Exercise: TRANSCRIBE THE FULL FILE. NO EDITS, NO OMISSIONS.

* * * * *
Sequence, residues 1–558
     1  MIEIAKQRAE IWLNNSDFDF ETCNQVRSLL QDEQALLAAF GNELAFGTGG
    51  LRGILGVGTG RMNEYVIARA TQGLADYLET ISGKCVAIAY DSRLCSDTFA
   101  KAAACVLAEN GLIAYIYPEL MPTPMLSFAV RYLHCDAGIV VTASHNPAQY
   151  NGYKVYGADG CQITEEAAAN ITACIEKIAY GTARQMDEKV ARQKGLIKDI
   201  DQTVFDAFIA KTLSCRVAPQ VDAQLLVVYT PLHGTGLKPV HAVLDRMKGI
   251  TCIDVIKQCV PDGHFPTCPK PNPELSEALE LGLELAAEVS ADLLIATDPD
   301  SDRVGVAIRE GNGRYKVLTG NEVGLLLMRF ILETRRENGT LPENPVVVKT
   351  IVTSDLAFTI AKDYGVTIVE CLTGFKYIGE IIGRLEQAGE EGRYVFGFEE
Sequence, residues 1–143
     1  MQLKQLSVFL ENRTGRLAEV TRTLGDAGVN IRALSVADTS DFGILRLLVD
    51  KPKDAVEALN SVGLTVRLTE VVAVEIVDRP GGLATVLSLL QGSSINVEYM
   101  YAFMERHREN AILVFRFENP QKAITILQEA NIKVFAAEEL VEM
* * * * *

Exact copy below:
Sequence, residues 1–558
     1  MIEIAKQRAE IWLNNSDFDF ETCNQVRSLL QDEQALLAAF GNELAFGTGG
    51  LRGILGVGTG RMNEYVIARA TQGLADYLET ISGKCVAIAY DSRLCSDTFA
   101  KAAACVLAEN GLIAYIYPEL MPTPMLSFAV RYLHCDAGIV VTASHNPAQY
   151  NGYKVYGADG CQITEEAAAN ITACIEKIAY GTARQMDEKV ARQKGLIKDI
   201  DQTVFDAFIA KTLSCRVAPQ VDAQLLVVYT PLHGTGLKPV HAVLDRMKGI
   251  TCIDVIKQCV PDGHFPTCPK PNPELSEALE LGLELAAEVS ADLLIATDPD
   301  SDRVGVAIRE GNGRYKVLTG NEVGLLLMRF ILETRRENGT LPENPVVVKT
   351  IVTSDLAFTI AKDYGVTIVE CLTGFKYIGE IIGRLEQAGE EGRYVFGFEE
Sequence, residues 1–143
     1  MQLKQLSVFL ENRTGRLAEV TRTLGDAGVN IRALSVADTS DFGILRLLVD
    51  KPKDAVEALN SVGLTVRLTE VVAVEIVDRP GGLATVLSLL QGSSINVEYM
   101  YAFMERHREN AILVFRFENP QKAITILQEA NIKVFAAEEL VEM